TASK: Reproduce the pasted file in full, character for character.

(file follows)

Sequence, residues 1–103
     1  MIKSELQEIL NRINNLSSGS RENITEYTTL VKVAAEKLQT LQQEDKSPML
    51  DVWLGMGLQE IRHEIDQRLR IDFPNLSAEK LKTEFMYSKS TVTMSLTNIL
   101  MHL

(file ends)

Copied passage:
Sequence, residues 1–103
     1  MIKSELQEIL NRINNLSSGS RENITEYTTL VKVAAEKLQT LQQEDKSPML
    51  DVWLGMGLQE IRHEIDQRLR IDFPNLSAEK LKTEFMYSKS TVTMSLTNIL
   101  MHL